Turner L, Ly LP, Desai R, et al. Pharmacokinetics and Acceptability of Subcutaneous Injection of Testosterone Undecanoate. Journal of the Endocrine Society 2019.
  7. Michael Scally MD

    Michael Scally MD Doctor of Medicine

    [OA] Safety of a New Subcutaneous testosterone Enanthate Auto-Injector: Results of a 26-Week Study

    Introduction - Patients with testosterone deficiency (TD) can be treated with exogenous testosterone (T) to achieve and maintain physiologic T levels and prevent negative clinical symptoms; with many testosterone replacement therapies currently available, this registration safety study was conducted to further characterize the clinical profile of chronically administered, concentration-guided subcutaneous testosterone enanthate (TE) dosing.

    Aim - The purpose of this study was to confirm the safety and characterize the pharmacokinetic (PK) profile of the subcutaneous TE auto-injector (SCTE-AI) in adult men with TD.

    Methods - In this phase III, 26-week study, 133 men 18−75 years of age with symptomatic TD self-administered SCTE-AI 75 mg once weekly for 6 weeks from July 2015 to June 2016. Dosing was adjusted when indicated to 50 mg or 100 mg to maintain T trough levels between 350 and 650 ng/dL (12.1−22.5 nmol/L).

    PK data were collected from a subgroup of patients receiving 75 mg SCTE-AI through week 12. Safety, including ambulatory blood pressure monitoring (ABPM), lipid levels, and adverse drug reactions, and PK were assessed.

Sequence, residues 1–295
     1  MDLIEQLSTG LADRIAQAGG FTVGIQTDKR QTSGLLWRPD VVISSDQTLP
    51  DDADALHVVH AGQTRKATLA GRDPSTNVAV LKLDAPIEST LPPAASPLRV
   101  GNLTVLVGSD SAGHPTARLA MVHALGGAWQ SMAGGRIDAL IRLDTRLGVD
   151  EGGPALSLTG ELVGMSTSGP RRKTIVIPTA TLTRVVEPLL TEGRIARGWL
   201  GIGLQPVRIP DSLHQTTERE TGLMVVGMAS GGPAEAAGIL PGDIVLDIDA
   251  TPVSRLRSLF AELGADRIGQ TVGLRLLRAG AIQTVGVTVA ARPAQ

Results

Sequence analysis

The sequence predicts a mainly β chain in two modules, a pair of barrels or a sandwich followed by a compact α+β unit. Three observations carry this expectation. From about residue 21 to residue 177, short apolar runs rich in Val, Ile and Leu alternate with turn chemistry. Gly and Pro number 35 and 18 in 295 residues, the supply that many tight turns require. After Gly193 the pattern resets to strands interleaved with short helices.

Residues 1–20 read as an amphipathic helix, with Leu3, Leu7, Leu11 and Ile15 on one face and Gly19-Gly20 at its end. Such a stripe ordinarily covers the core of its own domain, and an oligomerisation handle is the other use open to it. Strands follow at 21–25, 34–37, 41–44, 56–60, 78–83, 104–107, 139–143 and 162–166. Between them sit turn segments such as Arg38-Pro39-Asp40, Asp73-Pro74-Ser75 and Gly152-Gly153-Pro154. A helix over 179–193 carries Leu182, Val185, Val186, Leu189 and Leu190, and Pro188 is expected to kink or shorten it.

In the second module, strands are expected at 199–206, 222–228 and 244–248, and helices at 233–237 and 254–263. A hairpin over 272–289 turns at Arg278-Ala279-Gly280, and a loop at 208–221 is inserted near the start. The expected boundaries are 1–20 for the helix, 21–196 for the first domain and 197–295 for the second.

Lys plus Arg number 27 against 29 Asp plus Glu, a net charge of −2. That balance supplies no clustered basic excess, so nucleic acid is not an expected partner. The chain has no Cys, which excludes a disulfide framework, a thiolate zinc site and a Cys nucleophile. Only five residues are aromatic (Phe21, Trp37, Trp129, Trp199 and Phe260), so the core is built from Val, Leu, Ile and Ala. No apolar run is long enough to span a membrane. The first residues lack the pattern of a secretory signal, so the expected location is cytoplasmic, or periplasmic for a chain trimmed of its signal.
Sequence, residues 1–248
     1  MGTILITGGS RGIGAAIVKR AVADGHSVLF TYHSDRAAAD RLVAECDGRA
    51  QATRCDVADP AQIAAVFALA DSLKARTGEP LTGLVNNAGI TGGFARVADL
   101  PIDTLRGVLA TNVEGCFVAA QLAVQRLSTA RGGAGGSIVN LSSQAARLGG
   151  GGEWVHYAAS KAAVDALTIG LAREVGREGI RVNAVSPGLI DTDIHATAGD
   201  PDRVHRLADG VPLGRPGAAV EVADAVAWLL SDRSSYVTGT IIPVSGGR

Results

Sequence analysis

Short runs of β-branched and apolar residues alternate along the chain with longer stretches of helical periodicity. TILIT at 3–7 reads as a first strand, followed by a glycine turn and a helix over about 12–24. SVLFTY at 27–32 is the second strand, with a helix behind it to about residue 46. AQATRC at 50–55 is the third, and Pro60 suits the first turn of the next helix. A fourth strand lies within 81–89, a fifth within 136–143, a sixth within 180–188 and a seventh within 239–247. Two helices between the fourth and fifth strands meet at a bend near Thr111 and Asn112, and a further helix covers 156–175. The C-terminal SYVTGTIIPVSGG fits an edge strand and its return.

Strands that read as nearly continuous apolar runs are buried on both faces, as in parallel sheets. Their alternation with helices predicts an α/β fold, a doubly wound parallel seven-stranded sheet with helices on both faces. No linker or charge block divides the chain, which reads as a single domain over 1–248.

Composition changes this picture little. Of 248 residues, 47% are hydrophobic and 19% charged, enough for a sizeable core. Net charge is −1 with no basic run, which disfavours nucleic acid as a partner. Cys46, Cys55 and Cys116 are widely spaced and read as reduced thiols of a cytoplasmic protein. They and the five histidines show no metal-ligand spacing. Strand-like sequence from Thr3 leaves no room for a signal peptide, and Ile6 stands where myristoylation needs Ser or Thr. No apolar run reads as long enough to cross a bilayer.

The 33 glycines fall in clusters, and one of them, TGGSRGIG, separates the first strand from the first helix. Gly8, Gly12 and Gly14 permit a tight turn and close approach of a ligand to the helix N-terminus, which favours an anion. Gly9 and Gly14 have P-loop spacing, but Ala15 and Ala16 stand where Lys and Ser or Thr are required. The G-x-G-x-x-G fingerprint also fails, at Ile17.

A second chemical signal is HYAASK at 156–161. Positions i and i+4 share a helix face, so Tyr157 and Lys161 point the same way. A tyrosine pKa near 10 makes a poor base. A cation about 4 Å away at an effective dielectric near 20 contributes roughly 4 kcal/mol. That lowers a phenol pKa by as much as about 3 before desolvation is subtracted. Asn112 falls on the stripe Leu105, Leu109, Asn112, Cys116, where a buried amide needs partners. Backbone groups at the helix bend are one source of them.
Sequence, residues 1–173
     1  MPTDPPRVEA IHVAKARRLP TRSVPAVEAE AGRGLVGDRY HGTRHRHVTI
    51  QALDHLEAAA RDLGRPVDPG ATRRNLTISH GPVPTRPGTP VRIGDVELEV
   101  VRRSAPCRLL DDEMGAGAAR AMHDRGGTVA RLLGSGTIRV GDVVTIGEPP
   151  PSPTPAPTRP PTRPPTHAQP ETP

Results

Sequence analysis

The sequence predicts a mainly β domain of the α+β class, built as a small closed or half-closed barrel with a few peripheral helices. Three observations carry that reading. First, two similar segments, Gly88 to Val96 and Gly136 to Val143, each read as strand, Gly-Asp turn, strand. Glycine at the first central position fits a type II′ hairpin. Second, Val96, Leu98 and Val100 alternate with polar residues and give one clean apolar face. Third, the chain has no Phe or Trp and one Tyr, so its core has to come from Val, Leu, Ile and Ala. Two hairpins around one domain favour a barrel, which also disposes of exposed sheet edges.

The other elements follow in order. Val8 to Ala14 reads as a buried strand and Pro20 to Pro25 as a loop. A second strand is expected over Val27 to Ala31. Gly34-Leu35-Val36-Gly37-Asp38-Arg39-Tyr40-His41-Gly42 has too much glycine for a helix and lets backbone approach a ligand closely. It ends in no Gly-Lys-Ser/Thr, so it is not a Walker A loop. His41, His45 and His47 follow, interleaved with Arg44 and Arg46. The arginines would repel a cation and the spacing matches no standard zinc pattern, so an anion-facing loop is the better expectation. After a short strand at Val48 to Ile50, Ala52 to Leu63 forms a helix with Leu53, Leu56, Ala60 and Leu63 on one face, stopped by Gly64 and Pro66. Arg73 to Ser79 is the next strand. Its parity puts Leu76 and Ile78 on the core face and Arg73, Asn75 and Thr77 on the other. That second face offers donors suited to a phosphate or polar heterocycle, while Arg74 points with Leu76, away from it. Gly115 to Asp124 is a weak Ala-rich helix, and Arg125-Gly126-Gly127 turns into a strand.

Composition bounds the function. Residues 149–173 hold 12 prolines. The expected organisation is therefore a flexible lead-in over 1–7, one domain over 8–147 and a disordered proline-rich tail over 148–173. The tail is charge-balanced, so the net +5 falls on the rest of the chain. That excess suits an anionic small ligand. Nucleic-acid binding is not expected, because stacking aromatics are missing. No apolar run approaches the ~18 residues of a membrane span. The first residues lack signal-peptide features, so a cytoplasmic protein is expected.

Main Outcome Measures - The main outcomes were the documentation of the reproducibility of trough concentration-guided exposure to SCTE, 6-month safety profile, and PK data for the 75 mg dose SCTE.

    Results - In total, 34 patients (25.6%) experienced adverse drug reactions; the most frequently reported were

    · increased hematocrit (≥52%) in 10 patients (7.5%),

    · injection-site hemorrhage in 6 patients (4.5%),

    · injection-site bruising in 4 patients (3.0%), and

    · increased prostate-specific antigen in 4 patients (3.0%).

    By week 26, mean systolic and diastolic blood pressure (BP) measured in the clinic increased by 3.4 mmHg (125.6−129.0 mmHg) and 1.8 mmHg (78.2−80.0 mmHg), respectively, from baseline.

    At week 12, ABPM showed 24-hour mean systolic and diastolic BP increases of 3.7 mmHg and 1.3 mmHg, respectively. All measured lipid fractions were below baseline levels at week 26. T, TE, dihydrotestosterone, and estradiol increased from weeks 1−12. T trough levels ranged from 300−650 ng/dL (10.4−22.5 nmol/L) in 82.4% and 83.2% of patients at weeks 12 and 26, respectively. Of the 965 assessed injections, mild pain was reported by 1 patient.

    Clinical Implications - Dosing with SCTE is well-tolerated overall, yet associated with a numerically small mean systolic BP increase.

    Strengths & Implications - This study used a standardized ABPM protocol, confirming a numerically small systolic BP increase may be associated with reintroducing therapeutic T exposure in hypogonadal men. It is unknown at this time whether this applies with all routes of T supplementation.

    Conclusion - SCTE-AI has a favorable safety profile and is well-tolerated, with a stable PK profile.

    Gittelman M, Jaffe JS, Kaminetsky JC. Safety of a New Subcutaneous Testosterone Enanthate Auto-Injector: Results of a 26-Week Study. J Sex Med 2019.
    chocolatemalt likes this.